Massachusetts Daily Collegian

A free and responsible press serving the UMass community since 1890

A free and responsible press serving the UMass community since 1890

Massachusetts Daily Collegian

A free and responsible press serving the UMass community since 1890

Massachusetts Daily Collegian

Ciano: The five key factors that are rebuilding UMass hockey

From leadership to versatility, the Minutemen have found their groove
Jonathan Shi
Daily Collegian (2023)

The main message heading into the Massachusetts hockey team’s 2023-24 season was to play to its identity. Reflecting back on the first half of the Minutemen’s (11-5-1,4-3-1 Hockey East) season with the second half underway, it is clear that the rebuilding efforts coming off of the 2022-23 season have been strong, unwavering and stark.

And these efforts go well beyond the new roster additions. There are deep-rooted changes being made in the heart of the locker room that are translating onto the ice and into UMass’ record.

  1. Captaincy surpasses Aaron Bohlinger and Ryan Ufko.

While UMass is led by the senior and junior defensemen on the ice, leadership and the role of “captaincy” is a helmet being worn by players up and down the lineup. They all learn from each other, celebrate each other and push each other regardless of if there is a “C” embedded in their jersey.

Among the forwards, Lucas Mercuri has been a vocal and goal-scoring leader for the Minutemen. The junior has 13 points on five goals and eight assists over the course of the season. Leading the team in points comes from the defensive end with Scott Morrow, who has 20 points on five goals and 15 assists.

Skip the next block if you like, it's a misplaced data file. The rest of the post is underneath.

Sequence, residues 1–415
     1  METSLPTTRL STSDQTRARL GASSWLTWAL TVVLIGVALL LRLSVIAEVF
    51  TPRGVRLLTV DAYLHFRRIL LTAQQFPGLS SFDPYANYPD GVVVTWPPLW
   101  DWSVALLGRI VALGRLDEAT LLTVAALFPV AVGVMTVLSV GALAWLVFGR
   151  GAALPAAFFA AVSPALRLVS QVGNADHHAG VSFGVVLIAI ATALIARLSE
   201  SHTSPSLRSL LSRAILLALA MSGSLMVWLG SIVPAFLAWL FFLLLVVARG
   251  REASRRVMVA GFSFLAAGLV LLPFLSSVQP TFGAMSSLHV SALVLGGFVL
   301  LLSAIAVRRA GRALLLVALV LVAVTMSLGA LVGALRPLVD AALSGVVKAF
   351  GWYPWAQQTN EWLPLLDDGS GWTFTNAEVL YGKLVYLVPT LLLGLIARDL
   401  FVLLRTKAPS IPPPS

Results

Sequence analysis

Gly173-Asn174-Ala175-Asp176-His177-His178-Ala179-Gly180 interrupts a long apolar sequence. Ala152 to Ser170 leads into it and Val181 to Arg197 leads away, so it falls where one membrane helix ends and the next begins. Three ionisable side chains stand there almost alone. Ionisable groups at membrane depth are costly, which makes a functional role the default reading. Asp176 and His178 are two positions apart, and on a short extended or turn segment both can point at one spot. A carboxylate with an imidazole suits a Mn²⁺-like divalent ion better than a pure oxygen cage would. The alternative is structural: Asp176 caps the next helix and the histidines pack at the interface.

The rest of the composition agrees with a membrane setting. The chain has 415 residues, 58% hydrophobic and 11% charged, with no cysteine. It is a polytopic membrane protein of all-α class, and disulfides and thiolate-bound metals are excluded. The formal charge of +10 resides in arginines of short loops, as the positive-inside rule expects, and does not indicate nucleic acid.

These veteran goal scorers never take full credit for their successes, instead the Minutemen are vocal about how their teammates make great plays on the ice. Whether it be a defenseman, forward, freshman or graduate, they are creating an environment where everyone can be heard and everyone’s strengths are showcased.

The confidence and pride they take in each other is coherent on the ice, and this is only possible through passing leadership throughout the lineup.

  1. Defensive offense is starting to match offensive defense.

A common pattern with the UMass defensemen is that they become accustomed to the program and eventually show up on the scoreboard. This happened when now-sophomore Owen Murray had his freshman breakout series against the University of Maine in his freshman year.

The well-rounded Ufko and Morrow defensive duo continue to emphasize their abilities as two-way players.

In the 2022-23 season, the role of a two-way player was almost exclusively in the hands of the defensemen. And while this season’s defense has not slowed down, the forwards are starting to speed up.

This started with the larger bodies on the ice: Mercuri, Lautenbach and Taylor Makar. The three juniors now use their speed and strength to their team’s advantage, not being afraid to check their opponents into the board or get gritty near the net.

Now, freshmen like Jack Musa, Aydar Suniev and Cam O’Neill are tapping into their aggression on the ice. It is no longer the responsibility of the top defenders or the bigger players or even the veterans to be a frightening force against UMass’ opponents.

  1. Versatility in the lineup highlights both individual and team strength.